Erica Christoffer is the product manager for REALTOR® Magazine, driving growth and helping make data-driven decisions for the editorial products and programs that fall under the publication's umbrella. Erica also co-manages the magazine's 30 Under 30 program. During her tenure as an editor, she wrote and edited hundreds of articles for the magazine and launched the Broker to Broker section. Connect with Erica via email: firstname.lastname@example.org.
Crude Summer: Gulfport, Miss.
Hurricane Katrina devastated the Mississippi coast hurricane five years ago. Now beach-front communities are learning how to pick up the pieces after another type of disaster: the oil spill.
September 1, 2010
Any other summer when you roll down Beach Boulevard in Mississippi’s coastal towns of Gulfport and Biloxi, you see beaches filled with sun-loving vacationers. Cars cruise up and down the road visiting shops, restaurants, hotels, and casinos. But this June, the streets were eerily quiet and the beaches all but deserted as oil-fearing vacationers stayed away.
At first, the drop in tourism seemed mostly unwarranted, as oil loomed some 30 to 80 miles off the coast. Then, at the end of June, oil came onto southern Mississippi’s shores in thick waves of tar, thanks in large part to Hurricane Alex. Now each day is different on the coast. Some days the water is clear and cleanup crews have the sand spotless. On other days tar balls wash ashore.
For many living and working in this region, the oil disaster has sparked unpleasant memories of Hurricane Katrina, which devastated the area in August 2005. "Five years ago, this area looked like an atomic bomb went off," says Stephanie Shaw, broker-owner of Latter and Blum Inc., REALTORS®—Shaw Properties in Gulfport. Hurricane Katrina washed away nearly the entire coast of her town and the surrounding Mississippi communities. Eight of the 11 people in Shaw's real estate office lost their homes due to Katrina.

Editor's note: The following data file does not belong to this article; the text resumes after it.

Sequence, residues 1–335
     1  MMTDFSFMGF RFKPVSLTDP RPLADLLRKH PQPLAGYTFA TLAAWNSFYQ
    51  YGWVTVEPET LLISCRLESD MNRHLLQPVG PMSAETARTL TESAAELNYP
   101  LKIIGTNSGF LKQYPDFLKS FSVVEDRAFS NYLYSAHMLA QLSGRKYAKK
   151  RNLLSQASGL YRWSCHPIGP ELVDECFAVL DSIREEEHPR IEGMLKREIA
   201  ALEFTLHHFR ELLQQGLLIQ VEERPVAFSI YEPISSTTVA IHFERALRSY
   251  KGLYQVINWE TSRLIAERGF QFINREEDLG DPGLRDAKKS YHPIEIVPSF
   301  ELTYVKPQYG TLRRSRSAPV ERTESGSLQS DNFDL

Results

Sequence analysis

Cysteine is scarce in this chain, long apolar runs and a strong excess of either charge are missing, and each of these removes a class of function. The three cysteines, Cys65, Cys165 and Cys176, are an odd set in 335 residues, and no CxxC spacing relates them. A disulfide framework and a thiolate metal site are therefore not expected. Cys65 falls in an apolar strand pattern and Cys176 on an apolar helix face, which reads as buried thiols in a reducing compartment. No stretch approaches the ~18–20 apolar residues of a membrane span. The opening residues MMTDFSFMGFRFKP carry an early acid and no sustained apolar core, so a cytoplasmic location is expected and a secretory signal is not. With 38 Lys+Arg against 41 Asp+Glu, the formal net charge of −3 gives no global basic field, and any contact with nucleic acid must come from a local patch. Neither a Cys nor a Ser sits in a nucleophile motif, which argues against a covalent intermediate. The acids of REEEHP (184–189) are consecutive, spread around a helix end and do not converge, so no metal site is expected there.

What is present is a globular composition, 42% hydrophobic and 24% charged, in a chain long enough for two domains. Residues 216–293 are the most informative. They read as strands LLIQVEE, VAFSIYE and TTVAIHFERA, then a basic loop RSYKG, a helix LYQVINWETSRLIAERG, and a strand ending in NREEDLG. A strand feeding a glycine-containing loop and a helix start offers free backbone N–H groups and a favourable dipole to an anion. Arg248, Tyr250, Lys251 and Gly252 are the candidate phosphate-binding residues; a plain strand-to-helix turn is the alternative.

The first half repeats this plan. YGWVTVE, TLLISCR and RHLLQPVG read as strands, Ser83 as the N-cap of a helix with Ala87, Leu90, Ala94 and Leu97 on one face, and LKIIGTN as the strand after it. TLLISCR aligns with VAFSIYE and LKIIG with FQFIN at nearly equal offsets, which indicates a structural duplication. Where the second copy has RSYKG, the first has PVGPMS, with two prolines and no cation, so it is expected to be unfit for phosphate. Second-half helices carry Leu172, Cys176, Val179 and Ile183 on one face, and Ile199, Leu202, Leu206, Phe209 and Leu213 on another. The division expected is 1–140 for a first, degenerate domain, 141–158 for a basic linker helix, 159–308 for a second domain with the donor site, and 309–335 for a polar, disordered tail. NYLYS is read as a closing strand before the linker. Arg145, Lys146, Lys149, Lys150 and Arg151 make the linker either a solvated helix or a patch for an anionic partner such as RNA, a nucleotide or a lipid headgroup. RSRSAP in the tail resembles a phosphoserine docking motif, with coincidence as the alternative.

Streets were filled with debris for months and it took years for crumbled buildings to be entirely cleaned up.
But Gulfport survived and rebounded, with real estate activity picking up steadily over the past year, according to Shaw. Lots left vacant by Katrina’s wrath are starting to see new construction.
Now, Shaw is concerned about her community having enough resources to deal with the spill’s aftermath. "As a broker-owner, I’m much more worried about the unknowns. What if we do have a hurricane this season? What would it wash in? What would the cleanup effort be?"
Ashley Endris, a practitioner in Shaw’s office, says she’d like for BP to have a liaison to each Gulf Coast community who would work directly with real estate professionals, business owners, and community leaders to communicate cleanup plans, give updates on the claims process, and provide insight into their long-term plans for mitigating any drops in tourism.
So far, Shaw’s brokerage has not seen a significant business drop. Although others in her community reported up to 30 percent year-over-year decreases, Shaw said in June that she’d lost only one sale because of the spill. Having been working for some time to expand her marketing efforts, Shaw actually saw an increase in her June numbers over the same time last year. "I’m being cautiously optimistic," she says, acknowledging that even without an oil spill, the market is contending with the end of the buyer tax credit and rising home owner insurance costs. "The situation seems to change weekly, and it’s different from city to city and county to county. But we can earn a living if people still come and go, buy and sell."
Updated: September 22, 2022